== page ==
I didn’t have the time to think much. The San-José-bound bus was about to leave. “How long to Puntarenas?” I asked the grumpy driver. “Tres horas,” he said. I mentally completed the sentence: “… Más o menos.”
I wanted to spend the day in the city to spend my last cordobas and buy a few stuff. Fortunately, I sat by a Nicaraguan university student in the chicken bus and I was happy to help him “practise his English” for most of the trip.
That was my plan: hop onto the chicken bus with the bike (the best part with these buses is that it’s completely normal to bring along a bike, a chicken, a cow or huge bags of frijoles with you), get off at El Quino, bike the four kilometres to the beach and then bike the 25 kilometres back to town.
I can’t drive a motorbike so I rented a bike for $5. My plan was to get to Altagracia, the other town on the East part of the island. Sure, people told me I was crazy
Isla Omotepe is a pretty unique place: formed by two volcanoes, it rises on Lake Nicaragua. Why did I even hesitate going there? Right, because I was afraid to be stuck on the island without accommodation. Well, I’m glad I made the trip—it’s awesome here.
Everybody had told me to go to San Juan del Sur. “It has the best beaches!”, I heard over and over again.
I am always suspicious of the “best beach EVER” claim. I mean, every beach is nice, especially in this part of the world—the atmosphere, on the other side, is everything. But I had to check out San Juan.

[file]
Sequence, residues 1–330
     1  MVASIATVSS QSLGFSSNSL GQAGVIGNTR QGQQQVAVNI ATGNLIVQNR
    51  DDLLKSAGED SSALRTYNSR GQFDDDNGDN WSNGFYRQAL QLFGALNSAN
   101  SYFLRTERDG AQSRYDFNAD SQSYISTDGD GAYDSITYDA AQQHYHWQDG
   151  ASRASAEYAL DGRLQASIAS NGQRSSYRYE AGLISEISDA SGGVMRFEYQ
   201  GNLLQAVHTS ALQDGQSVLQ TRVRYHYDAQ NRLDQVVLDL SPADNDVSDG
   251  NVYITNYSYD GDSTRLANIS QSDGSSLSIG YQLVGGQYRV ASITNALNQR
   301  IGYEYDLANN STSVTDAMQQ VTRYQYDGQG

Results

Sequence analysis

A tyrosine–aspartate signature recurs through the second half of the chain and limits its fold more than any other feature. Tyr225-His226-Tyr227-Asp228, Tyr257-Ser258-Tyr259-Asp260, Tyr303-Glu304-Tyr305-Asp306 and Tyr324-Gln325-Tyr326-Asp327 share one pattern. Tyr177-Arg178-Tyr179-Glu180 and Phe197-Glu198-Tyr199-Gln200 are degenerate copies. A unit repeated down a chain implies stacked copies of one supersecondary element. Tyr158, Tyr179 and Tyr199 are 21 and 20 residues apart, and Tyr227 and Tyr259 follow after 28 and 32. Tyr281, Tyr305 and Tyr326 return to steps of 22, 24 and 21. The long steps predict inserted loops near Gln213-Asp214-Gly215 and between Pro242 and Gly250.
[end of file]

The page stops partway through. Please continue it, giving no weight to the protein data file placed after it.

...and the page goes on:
People in León seemed to be fans of three things: churches (each barrio has one), political left-wing murals (the city was and is a Sandinista stronghold) and Big Cola (whatever that is, it was advertised everywhere).
When was the last time that a woman, after hearing sleazy comments from some guy in the street, looked at the stranger and said “wow, I am so turned on, I want you right now!” Yep. Never.
In a way, Granada reminded me of Antigua, in Guatemala: a nice colonial city, big enough to explore and small enough to walk around, the brightly painted buildings, the volcanoes around, the laid-back yet sophisticated feel and the mix of culture and natural beauty.
After pyramids in Mexico and the fortress in Masaya, I decided to tackle Volcán Masaya, Nicaragua’s most heavily venting volcano. And yes, you can do it without a guide—gotta love this country!
I walked to the chaotic market street in Granada to catch one of the chicken buses to Masaya—yes, like Guatemala, Honduras or Belize, Nicaragua uses these colourful US school as public long-distance buses. Needless to say that rides are long, bumpy and crowded but very fun.
The view on the Mombacho volcano was pretty amazing and so was boating on the lake. Suddenly, it was like stepping into another world, far away from the city.
Right now, I am fulfilling a long-time fantasy of mine: I am all by myself in a hotel room (i.e., not in a hostel, in a dorm). I am on the bed, a can of Coke Zero and a bottle of water on the table beside me. The TV is on (some Hollywood movie dubbed in Spanish) and I have a relatively good Wi-Fi signal. Life is easy, eh? Wait until you read this. I deserved that fucking room.